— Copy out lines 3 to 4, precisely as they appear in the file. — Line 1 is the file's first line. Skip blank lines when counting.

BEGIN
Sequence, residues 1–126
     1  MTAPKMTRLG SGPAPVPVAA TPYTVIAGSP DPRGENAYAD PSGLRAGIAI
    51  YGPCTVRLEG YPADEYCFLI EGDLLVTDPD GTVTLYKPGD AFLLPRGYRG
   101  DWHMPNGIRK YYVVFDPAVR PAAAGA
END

    51  YGPCTVRLEG YPADEYCFLI EGDLLVTDPD GTVTLYKPGD AFLLPRGYRG
   101  DWHMPNGIRK YYVVFDPAVR PAAAGA